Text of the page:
Ranked: Bruce Springsteen Albums from Worst to Best 

For the Boss's new album, Wrecking Ball, we're looking at the discography that made New Jersey famous.

by Randy Abramson

When I hear people talk about Bruce Springsteen, positively or negatively, I always wonder which Bruce Springsteen they are talking about. The youthful street poet? The acoustic balladeer? Or the up-tempo bar-band leader? Was the muscle-bound Bruce of the Born in the U.S.A. era too much for you? Bruce is a prolific chameleon, and anyone who's been to his live show has seen him effortlessly switch characters, voice, and style. That diversity carries over to his albums and is what makes ranking them such a great challenge. 

17. Human Touch (1992)

By this point in his career, Springsteen had broken up the E Street Band and abandoned New Jersey to move out to California. Fans were already pissed, and this stylistic grab-bag wasn't making them any happier. He tried to fill the void left by his NJ comrades with the vocal power of Bobby King, who shines on "Man's Job," and the legendary Sam Moore, who sings backup on "Roll of the Dice" and "Real World." But fans weren't swayed ― they wanted the E Street Band, and nothing else would do.

Listen: "Human Touch"

 

16. Devils and Dust (2005)

It kills me to rank this album so low, because I truly believe that the title track is one of Springsteen's strongest songs. Amidst two endless wars, the post-9/11 patriotic surge began to fade in America, and Springsteen rose to the occasion, writing about the conflicted ideals in the hearts of soldiers, American citizens, and himself. "Devils and Dust" is a mind-blowing opener, but the album falls off from there. "Long Time Comin'" is sweet, "Reno" is racy, but both are ultimately forgettable. More songs even half as good as the title track would have made this album a winner. 

Listen: "Devils and Dust"

 

15. Working on A Dream (2009)

There are a bunch of well-produced songs on this album, complete with swelling harmonies and lush arrangements, but when anyone less than a die-hard fan reaches for a Springsteen record, I'd wager that this one gets played once out of 100 times (I'm probably being conservative here). Songs like "Surprise, Surprise" and "Tomorrow Never Knows" are catchy as hell, but lyrically, they go nowhere. "The Wrestler," a bonus track, is heartbreaking but borrows a bit too much from Springsteen's own "The Hitter." And the weak songs are, well, very weak; "Outlaw Pete" (which has a melody that eerily resembles a Kiss song) loses its luster after a couple of plays, and "Queen Of The Supermarket" should never have made the final cut.

Listen: "Surprise, Surprise"

 

14. Lucky Town (1992)

Lucky Town had the unfortunate fate of being lumped in with Human Touch, the other album that Bruce released on the same date. There were two other strikes against this record: one, except for Roy Bittan, there were no E Street Band members present, and two, this album included mostly "happy" songs. (Springsteen would laugh off the record's bad reputation years later, saying "I tried it [writing happy songs] in the early '90s and it didn't work; the public didn't like it."). But there's some great songwriting here: "If I Should Fall Behind" is a gorgeous song; "The Big Muddy" is about confronting your imperfections; "Local Hero" has Bruce knocking on his own righteous image. So go ahead, take a break from rye whiskey and Nebraska and listen. It won't hurt, I promise.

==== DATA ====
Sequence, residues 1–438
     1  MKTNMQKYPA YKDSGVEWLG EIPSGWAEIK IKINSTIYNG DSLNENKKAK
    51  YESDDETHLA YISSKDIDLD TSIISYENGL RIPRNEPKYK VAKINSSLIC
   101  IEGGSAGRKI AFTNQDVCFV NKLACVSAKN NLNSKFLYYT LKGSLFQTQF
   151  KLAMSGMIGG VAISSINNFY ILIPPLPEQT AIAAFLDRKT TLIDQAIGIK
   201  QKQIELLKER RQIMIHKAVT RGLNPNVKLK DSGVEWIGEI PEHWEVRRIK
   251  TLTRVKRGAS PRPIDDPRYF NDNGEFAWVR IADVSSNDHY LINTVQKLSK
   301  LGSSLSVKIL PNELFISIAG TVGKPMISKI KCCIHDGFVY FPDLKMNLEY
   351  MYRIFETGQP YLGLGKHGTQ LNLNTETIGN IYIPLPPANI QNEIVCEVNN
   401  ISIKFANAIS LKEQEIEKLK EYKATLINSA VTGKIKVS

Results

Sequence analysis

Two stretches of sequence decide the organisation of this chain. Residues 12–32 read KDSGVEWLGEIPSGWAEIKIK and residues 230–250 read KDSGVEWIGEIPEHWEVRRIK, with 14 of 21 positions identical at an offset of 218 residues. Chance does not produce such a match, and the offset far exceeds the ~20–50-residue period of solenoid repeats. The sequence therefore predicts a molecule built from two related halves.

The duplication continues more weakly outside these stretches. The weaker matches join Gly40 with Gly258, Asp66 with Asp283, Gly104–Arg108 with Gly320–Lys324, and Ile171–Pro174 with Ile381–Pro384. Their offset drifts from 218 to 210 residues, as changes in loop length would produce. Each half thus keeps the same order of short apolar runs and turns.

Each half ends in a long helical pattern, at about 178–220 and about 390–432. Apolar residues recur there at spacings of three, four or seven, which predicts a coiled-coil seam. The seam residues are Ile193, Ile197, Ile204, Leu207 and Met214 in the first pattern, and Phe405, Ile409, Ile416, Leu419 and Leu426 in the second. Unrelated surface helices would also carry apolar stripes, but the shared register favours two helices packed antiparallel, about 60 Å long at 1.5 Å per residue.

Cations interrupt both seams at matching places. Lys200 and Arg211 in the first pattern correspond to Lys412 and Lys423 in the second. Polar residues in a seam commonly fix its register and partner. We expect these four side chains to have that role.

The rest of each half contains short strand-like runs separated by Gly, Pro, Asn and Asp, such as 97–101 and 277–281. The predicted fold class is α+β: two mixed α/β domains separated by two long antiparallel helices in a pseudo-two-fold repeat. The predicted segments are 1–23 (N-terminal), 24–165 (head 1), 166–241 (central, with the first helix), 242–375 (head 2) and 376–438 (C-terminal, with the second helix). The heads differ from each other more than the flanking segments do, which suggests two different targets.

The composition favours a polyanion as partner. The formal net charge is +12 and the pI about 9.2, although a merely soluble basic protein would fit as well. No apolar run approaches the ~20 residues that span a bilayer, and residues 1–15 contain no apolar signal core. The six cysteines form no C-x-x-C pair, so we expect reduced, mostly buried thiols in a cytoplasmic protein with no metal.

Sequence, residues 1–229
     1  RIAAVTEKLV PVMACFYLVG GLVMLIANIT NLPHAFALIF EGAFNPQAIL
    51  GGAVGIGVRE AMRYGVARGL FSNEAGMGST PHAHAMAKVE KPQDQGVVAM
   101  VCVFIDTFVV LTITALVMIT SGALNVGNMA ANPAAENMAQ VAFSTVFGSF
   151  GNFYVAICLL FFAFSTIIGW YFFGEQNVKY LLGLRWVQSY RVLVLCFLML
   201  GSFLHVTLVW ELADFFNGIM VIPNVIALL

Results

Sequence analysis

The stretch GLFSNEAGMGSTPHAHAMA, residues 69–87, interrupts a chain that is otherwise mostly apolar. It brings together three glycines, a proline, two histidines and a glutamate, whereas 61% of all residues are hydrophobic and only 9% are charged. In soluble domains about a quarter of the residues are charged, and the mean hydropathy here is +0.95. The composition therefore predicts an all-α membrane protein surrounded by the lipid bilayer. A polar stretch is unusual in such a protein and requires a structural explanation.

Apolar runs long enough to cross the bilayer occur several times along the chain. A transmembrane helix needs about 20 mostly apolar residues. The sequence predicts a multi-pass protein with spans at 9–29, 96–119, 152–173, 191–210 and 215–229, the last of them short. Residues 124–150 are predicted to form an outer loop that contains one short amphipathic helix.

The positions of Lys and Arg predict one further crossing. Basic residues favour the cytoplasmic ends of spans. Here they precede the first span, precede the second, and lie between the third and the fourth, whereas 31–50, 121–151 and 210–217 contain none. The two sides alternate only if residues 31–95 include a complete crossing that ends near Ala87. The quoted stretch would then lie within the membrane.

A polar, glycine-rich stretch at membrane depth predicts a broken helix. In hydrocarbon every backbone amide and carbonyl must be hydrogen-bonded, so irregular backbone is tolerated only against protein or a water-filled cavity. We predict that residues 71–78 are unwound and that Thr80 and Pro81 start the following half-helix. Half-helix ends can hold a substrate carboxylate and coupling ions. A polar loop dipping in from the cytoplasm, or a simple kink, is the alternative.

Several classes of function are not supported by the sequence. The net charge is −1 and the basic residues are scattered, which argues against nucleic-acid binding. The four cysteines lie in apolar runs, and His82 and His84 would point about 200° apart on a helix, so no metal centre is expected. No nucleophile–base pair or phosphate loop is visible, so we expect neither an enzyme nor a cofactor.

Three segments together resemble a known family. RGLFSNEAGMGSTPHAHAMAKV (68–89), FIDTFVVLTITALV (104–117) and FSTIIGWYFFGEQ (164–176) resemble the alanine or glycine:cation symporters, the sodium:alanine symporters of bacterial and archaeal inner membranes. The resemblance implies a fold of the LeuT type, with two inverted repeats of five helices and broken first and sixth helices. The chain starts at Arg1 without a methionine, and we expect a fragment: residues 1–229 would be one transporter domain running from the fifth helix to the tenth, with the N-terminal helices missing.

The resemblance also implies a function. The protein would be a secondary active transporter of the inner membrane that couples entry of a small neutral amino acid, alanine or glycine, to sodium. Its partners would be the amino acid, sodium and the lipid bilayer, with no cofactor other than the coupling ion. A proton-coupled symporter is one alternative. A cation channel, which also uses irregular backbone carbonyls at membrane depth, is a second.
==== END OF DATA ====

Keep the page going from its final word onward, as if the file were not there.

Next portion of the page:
Listen: "Local Hero"

 

13. The Ghost of Tom Joad (1995)

Tom Joad's low placement is less a reflection on its quality and more a reminder of how many great records Springsteen has put out. It won a Grammy for Best Contemporary Folk Album and, for me, the classification alone is part of the problem. Nebraska was never labeled "contemporary folk." The stripped-down nature of Nebraska's songs helped propel the stories and made the characters sound that much more alone. But on this album, the arrangements are quiet and the plots of the songs are more complex. "Sinaloa Cowboys" and "Balboa Park" might make for good short stories, but it's easy to lose the plot thread in Springsteen's hushed vocals. One shining exception here is "Straight Time," which sounds like a Nebraska outtake.

Listen: "Straight Time"

 

12. Wrecking Ball (2012)

Bruce has spoken about lifting parts of songs and slapping them into other tunes, using the analogy of interchanging car parts. Well, the master mechanic is back on this record, and this time The Boss is borrowing characters, styles, personnel, and even album structure from his past. Structurally, Wrecking Ball feels a lot like The Rising, kicking off with a killer anthem but really setting you up for serious storytelling. This record is focused on financial hard times; as on The Rising, after the big opener, the songs go micro and tell the stories of the individuals affected by a crisis (this time, we're talking about financial hardship). The album sounds fantastic, modern even, thanks to new producer Ron Aniello, but we've met some of these characters (and songs) before.

11. The Wild, the Innocent and the E Street Shuffle (1973)

The wordy street poetry of Greetings From Asbury Park, N.J. continues on Bruce's second record. The epic "Rosalita" packs almost as much excitement on record as it does in his live show, and helps lift this album to near-mythic status. But revisiting these songs, you may nod off during the way-too-serious "Wild Billy's Circus Story" and the over-earnest "New York City Serenade." On the other hand, "Sandy" is a classic that showcases Springsteen's romantic side.

Listen: "Rosalita"

 

10. We Shall Overcove: The Seeger Sessions (2006)

Audiences did not respond favorably to this album or tour, and that's a shame. These reworkings of Pete Seeger's songs are a hoot, and Springsteen was clearly having a great time directing the non-E Street assembly of accomplished musicians on the record. After Hurrican Katrina, songs like "My Oklahoma Home" sounded perfectly appropriate and the deluxe edition of the album featured "How Can a Poor Man Stand Such Times and Live?," a song Springsteen rewrote to include another jab at George W. Bush. The tour for the album was a complete blast, featuring a full horn section, strings, old-timey piano, and rejiggerings of old cuts like Nebraska's "Open All Night."